without being in a rush. Stress mixes up your hormones and should be avoided. Once you sit in the test, skim over all questions so you get an idea of what’s on it. Then try to see how each question
relates to each other. When you realize how each question connects to the next or to the big picture, you will have a higher recall and find betters answers. If you are afraid you might run out of time, do some quick math to figure out how much time you have for each question. Then start. Carefully read the question. You get more points for answering a question poorly than writing the perfect answer that’s off topic. If a question is too hard, skip it first and go straight for the easy ones. While collecting points for easy questions, our brain can subconsciously work
on the harder questions and an answer might pop up. If you get too stressed, take a short break and a couple of long deep breaths. This gets your brain back into thinking mode. If you’re doing a multiple choice question and you are not sure, go with your first guess. Usually, your first instinct is right. If you have NO idea at all but there is no punishment for being wrong, then just guess anything quickly. In the end, if you still have time left, use it to review your answers or correct your spelling. For more tips, watch our other sprouts videos. If we missed something, post it in the comments below so we can learn from you. If you have an exam soon, don’t stress. Even if you would fail it, it’s probably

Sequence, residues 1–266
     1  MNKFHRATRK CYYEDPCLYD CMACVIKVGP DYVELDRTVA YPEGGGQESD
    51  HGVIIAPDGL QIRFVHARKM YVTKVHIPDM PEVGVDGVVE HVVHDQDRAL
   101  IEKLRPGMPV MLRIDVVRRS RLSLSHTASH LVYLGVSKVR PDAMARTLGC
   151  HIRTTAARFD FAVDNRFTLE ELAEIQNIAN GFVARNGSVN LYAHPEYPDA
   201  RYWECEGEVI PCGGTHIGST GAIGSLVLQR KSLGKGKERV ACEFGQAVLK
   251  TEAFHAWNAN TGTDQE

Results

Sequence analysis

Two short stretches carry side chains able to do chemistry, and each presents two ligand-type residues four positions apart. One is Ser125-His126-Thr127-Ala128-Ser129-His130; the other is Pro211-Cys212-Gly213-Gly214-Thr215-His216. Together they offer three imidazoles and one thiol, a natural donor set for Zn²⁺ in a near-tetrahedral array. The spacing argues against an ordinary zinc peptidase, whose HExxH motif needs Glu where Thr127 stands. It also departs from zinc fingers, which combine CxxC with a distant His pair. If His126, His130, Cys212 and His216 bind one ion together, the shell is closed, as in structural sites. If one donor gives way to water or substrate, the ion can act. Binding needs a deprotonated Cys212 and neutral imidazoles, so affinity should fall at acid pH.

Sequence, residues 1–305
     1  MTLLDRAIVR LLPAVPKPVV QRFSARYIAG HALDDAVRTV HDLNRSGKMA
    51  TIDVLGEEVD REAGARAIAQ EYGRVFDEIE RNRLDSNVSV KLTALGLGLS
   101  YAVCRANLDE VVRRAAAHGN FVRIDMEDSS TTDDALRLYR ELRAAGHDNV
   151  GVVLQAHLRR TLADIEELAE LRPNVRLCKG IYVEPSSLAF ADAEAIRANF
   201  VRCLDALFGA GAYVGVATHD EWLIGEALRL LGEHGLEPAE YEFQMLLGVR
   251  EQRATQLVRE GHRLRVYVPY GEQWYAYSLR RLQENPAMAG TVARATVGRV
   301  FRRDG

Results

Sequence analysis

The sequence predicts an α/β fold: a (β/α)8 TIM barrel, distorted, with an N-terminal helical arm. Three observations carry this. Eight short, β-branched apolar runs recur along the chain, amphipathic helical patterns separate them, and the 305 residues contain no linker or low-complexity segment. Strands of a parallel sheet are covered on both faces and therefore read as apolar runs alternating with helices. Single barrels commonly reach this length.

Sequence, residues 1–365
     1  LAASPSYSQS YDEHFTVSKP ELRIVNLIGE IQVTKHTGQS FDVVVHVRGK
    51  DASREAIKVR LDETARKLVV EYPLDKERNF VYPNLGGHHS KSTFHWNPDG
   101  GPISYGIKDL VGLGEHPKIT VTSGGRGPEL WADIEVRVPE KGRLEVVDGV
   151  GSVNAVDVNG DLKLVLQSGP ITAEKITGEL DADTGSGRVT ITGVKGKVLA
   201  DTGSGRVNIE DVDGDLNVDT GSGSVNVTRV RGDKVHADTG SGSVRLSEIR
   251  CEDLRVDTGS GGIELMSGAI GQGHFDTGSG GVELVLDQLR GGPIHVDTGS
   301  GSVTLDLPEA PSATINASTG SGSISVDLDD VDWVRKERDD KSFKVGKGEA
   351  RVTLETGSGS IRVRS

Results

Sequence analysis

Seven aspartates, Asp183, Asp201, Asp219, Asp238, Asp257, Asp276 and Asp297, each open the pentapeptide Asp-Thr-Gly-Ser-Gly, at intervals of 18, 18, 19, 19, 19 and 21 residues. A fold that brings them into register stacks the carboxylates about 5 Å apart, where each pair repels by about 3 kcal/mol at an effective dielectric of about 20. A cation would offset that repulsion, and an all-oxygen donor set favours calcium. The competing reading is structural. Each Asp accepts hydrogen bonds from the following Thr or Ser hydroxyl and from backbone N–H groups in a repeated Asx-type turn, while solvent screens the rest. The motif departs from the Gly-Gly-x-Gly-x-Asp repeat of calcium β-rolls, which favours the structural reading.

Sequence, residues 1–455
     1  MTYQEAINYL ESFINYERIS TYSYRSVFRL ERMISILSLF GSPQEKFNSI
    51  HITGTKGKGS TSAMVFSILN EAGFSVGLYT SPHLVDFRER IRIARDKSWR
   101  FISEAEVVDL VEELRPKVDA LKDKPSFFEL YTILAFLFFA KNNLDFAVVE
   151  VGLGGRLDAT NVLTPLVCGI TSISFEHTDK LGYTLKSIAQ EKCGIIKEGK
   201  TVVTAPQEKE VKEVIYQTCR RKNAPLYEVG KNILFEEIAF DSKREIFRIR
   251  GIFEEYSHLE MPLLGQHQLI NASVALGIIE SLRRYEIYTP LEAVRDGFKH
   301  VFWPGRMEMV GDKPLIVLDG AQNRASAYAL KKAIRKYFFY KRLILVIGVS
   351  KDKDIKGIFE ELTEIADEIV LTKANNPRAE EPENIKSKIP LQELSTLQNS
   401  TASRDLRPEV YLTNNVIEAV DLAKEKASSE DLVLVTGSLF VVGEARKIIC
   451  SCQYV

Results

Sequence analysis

not the end of the world. As Jack Ma said:
“I flunked my exam for university two times before I was accepted by what was considered my city’s worst university.” Today he’s China’s biggest success story. Good luck!

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11 thoughts on “Study for Exams Effectively”

  1. Shashank Nautiyal says:

    Drinking quite amount of water, helps too.

  2. Diarmuid Fallon says:

    our first instinct isn't usually right it's just that we remember the times you get it wrong after almost getting it right more

  3. Painite .x says:

    My exam is in a series of exams thoo

  4. Châu Đàm says:

    Some time we need to attend some course like this to make our brain work productively

  5. ashika miyu says:

    Next week i will take history and my language paper…

  6. Ghost 418 says:

    Ok I’m taking a test with no practice test to study so how do I go about getting through this?

  7. ArdiT says:

    Bro i have a test tomorrow and ur telling me to study weeks before 😓

  8. xxShadyPotato says:

    step one: stop watching this.

  9. xxShadyPotato says:

    lol who am i kidding

  10. nadamal says:

    Thanks for this video, and for all your videos. I love your channel. : ) ps – there's no apostrophe needed with EXAMS in the title of this video. ; )